- *FED SAYS GROWTH SLOWDOWN IN 1Q LIKELY TO BE TRANSITORY
- *FED SAYS 12-MONTH INFLATION RUNNING CLOSE TO ITS 2% GOAL
- *FED: JOB GAINS SOLID, HOUSEHOLD SPENDING ROSE ONLY MODESTLY
The Euro challenges mid-Cycle resistance.
The Euro closed at mid-Cycle resistance at 105.95 this week in what may be described as an inverted Trading Cycle, retracing nearly 54% of its decline. The Cycles Model suggests that the decline may resume shortly.
(Bloomberg) he euro rose for a fourth consecutive week despite a hawkish-sounding Federal Reserve as the market discounted a win for centrist Emmanuel Macron at the French presidential run-off.
Dollar bulls must have been heartened to see geopolitical tensions with North Korea ebb, a U.S. government shutdown averted and House’s healthcare bill passed successfully. The market is now assigning a 75 percent probability of a rate increase in June, compared with 60 percent before the Fed met on Wednesday, based on overnight indexed swaps and the Fed funds effective rate. The employment report for April was mixed: while the expansion in U.S. payrolls beat the median estimate, the number for March was revised lower.
EuroStoxx overshoots its Flag trendline.
The EuroStoxx 50 Index ramped above the upper trendline of its Broadening Flag or Wedge formation, making nearly an 85% retracement of its decline which started in 2015. The strength shown last week may have ended on Friday. EuroStoxx have extended and may be due for a correction.
(Bloomberg) European stocks rose for a second day as strength in the U.S. jobs market bolstered optimism that the global economy is improving and speculation mounted that the centrist candidate will win France’s presidential election.
The Stoxx Europe 600 Index added 0.7 percent at the close, after falling as much as 0.4 percent earlier in the day. Energy shares advanced as oil rebounded, while mining shares jumped the most in seven weeks as metal prices climbed. The Stoxx 600 is up 1.9 percent this week, boosted by robust earnings and speculation centrist Emmanuel Macron will win Sunday’s final French presidential vote.
The Yen challenges Intermediate-term support.
The Yen declined even further than anticipated, challenging Intermediate-term support at 88.90. The Yen may consolidate at support for a few days. However, Cyclical strength may resume in the next week.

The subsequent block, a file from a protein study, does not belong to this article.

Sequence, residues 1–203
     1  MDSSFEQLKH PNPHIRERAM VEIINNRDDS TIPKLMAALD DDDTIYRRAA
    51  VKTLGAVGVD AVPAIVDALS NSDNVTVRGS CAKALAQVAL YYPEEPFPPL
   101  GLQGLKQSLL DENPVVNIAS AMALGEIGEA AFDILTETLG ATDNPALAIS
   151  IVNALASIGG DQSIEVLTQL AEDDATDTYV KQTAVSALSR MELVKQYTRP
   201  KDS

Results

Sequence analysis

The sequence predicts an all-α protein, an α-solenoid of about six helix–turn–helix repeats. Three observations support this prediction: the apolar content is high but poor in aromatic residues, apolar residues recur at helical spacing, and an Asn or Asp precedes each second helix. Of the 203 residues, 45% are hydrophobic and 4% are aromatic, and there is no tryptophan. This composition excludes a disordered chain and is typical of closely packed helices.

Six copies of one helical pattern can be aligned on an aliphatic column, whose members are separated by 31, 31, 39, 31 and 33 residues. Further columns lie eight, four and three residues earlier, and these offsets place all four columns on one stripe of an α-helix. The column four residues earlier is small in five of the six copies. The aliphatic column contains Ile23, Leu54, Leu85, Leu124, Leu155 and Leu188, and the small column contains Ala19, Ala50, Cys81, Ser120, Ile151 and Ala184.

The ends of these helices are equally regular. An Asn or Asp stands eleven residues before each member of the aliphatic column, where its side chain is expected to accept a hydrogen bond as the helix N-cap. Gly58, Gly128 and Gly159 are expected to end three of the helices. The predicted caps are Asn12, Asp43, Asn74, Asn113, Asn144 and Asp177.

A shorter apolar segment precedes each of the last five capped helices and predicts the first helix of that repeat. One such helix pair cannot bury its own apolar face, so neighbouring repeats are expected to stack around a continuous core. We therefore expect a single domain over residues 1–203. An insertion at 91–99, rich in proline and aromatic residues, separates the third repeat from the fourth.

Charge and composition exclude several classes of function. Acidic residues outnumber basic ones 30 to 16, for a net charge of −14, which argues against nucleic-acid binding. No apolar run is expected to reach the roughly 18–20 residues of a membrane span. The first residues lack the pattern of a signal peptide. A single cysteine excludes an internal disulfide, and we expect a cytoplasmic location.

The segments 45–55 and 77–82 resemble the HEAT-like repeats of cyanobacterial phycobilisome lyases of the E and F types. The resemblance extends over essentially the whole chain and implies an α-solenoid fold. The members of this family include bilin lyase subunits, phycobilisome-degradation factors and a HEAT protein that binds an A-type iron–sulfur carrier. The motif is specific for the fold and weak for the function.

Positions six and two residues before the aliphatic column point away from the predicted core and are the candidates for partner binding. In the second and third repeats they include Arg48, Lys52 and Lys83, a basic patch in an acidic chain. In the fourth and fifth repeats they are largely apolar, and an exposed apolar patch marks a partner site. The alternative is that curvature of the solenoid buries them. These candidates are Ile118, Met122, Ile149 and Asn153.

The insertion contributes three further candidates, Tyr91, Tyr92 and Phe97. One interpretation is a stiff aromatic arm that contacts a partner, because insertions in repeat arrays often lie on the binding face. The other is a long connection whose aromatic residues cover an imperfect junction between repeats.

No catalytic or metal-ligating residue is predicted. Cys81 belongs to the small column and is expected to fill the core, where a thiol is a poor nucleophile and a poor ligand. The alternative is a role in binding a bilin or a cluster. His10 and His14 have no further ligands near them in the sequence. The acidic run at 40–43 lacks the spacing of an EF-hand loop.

(EconomicCalendar) US bond yields have remained broadly stable which has lessened the potential for yen gains, but the dollar was able to gain only very limited traction following the US jobs report.
The US House of Representatives passed legislation to repeal the Affordable Healthcare Act and the legislation will now pass to the Senate. There was no significant support for the dollar, especially with reports that not all Republican Senators will back the bill.
The sharp decline in oil prices had a significant impact in boosting the yen with markets wary over increased volatility. A sustained decline in energy prices would also tend to increase the likelihood that the Fed will decide to postpone a June rate hike.
Overall, USD/JPY dipped to lows just above the 112.00 level, although activity was inevitably subdued in Asian trading as Tokyo markets remained closed.
The Nikkei rallies above Intermediate-term resistance.
The Nikkei has rallied above Intermediate-term resistance at 19166.45 this week. What appears to be a Cycle inversion may lead to weakness lasting through mid-May. A decline beneath Short-term support at 19072.52 puts the Nikkei back on a sell signal.
(ZeroHedge) A year ago, we noted that The Bank of Japan (BoJ) was a Top 10 holder in 90% of Japanese stocks. In December, we showed that BoJ was the biggest buyer of Japanese stocks in 2016. And now, as The FT reports, the real “whale” of the Japanese markets is stepping up its buying (up over 70% YoY) entering the market on down days more than half the time in the last four years.